Overview


IILAH focuses on encouraging the work of younger scholars and those developing new approaches to the field of international law, and facilitates engagement between scholars and the community of professionals and activists working on issues of international law and governance. It has developed networks with scholars in international law and the humanities from Canada, Colombia, Egypt, Finland, France, India, New Zealand, South Africa, Sweden, the United Kingdom and the United States. IILAH is currently focusing on developing links with scholars in the global South, in order to explore the shared legal legacies of colonialism. 

At the heart of IILAH are its research programmes, which undertake and facilitate collaborative and interdisciplinary research projects both within the University of Melbourne and internationally. Diverse areas of international legal scholarship are brought together under the same umbrella, encouraging new intra-disciplinary conversations and challenges, as well as interdisciplinarity.

In addition to its research programmes, IILAH is the Melbourne Law School home of the Indigenous Nation Building project, which examines the theory and practice of Indigenous 'nation building' in Australia in order to promote Indigenous self-governing authority and capacity.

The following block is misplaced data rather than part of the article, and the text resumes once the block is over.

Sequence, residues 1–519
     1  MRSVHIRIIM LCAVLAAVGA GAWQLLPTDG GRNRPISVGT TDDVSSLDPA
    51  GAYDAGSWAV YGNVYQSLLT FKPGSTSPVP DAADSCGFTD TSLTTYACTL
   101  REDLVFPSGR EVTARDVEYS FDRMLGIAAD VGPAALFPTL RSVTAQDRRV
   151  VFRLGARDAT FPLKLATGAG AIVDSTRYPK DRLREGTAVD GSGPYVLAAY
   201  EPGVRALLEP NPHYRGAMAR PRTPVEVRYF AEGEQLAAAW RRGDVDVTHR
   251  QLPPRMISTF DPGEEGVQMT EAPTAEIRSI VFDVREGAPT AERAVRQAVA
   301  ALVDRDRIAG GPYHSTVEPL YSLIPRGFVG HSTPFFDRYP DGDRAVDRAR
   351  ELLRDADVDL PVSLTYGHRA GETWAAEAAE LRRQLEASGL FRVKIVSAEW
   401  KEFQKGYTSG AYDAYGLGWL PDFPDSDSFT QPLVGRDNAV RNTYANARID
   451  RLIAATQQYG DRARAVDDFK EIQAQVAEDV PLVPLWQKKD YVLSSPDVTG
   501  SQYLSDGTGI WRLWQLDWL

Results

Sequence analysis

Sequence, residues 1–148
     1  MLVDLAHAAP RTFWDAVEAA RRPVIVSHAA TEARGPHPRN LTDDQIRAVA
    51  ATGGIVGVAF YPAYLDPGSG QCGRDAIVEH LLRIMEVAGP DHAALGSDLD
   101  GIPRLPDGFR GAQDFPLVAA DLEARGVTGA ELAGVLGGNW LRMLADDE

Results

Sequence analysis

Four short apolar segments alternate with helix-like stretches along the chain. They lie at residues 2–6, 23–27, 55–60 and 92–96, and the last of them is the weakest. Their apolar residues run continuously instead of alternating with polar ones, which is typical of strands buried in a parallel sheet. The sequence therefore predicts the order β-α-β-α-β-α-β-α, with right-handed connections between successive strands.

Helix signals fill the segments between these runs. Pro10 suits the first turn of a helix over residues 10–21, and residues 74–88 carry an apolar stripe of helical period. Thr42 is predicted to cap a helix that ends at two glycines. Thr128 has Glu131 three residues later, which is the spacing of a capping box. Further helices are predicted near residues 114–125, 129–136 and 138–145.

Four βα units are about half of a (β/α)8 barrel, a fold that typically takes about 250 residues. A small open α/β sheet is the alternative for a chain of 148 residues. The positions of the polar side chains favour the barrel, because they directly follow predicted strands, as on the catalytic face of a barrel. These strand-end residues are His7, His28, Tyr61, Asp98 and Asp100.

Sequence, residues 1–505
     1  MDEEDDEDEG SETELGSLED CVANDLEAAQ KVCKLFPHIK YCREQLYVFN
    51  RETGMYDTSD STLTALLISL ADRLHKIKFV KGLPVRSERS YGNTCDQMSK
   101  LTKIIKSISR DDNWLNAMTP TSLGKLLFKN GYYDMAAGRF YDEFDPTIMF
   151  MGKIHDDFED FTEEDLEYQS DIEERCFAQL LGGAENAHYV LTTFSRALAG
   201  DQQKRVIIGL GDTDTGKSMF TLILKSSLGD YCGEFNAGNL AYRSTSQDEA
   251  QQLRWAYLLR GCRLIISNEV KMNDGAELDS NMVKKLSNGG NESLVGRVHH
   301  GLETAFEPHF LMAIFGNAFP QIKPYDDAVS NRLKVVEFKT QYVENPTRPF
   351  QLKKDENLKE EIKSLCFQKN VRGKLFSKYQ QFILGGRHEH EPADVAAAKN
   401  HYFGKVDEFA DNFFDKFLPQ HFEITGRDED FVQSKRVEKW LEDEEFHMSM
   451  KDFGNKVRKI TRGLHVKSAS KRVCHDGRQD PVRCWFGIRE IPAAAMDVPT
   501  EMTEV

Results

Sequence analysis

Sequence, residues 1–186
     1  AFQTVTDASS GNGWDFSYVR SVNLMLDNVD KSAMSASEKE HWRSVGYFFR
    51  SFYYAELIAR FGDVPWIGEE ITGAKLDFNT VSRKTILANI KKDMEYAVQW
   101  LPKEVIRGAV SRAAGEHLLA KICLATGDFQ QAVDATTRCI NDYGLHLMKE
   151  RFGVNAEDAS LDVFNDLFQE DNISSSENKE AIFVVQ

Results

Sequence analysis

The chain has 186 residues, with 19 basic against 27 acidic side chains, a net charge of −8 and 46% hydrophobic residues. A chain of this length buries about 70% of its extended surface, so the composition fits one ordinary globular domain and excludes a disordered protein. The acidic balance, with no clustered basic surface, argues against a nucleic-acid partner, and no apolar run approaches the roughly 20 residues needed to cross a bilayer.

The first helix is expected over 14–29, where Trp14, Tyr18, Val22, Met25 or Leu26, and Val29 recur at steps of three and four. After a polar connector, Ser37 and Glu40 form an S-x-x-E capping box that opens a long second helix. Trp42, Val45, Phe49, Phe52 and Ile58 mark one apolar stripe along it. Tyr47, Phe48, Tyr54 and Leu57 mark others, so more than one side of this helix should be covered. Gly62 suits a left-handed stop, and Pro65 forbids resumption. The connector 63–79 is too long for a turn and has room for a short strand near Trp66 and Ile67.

Among its many other activities, IILAH hosts visits of distinguished and emerging international scholars; organises conferences, public lectures, workshops and reading groups; and supervises and supports the work of graduate research students

Aims & Objectives

  • To integrate the study of international law with contemporary approaches to the humanities
  • To facilitate and promote innovative scholarship and critical thinking
  • To strengthen the role of Melbourne Law School as a leading centre of research in international law and the humanities
  • To support the work of younger scholars
  • To encourage engagement between scholars and activists, and scholars and professionals
  • To develop networks with scholars in international law and the humanities, especially in the global south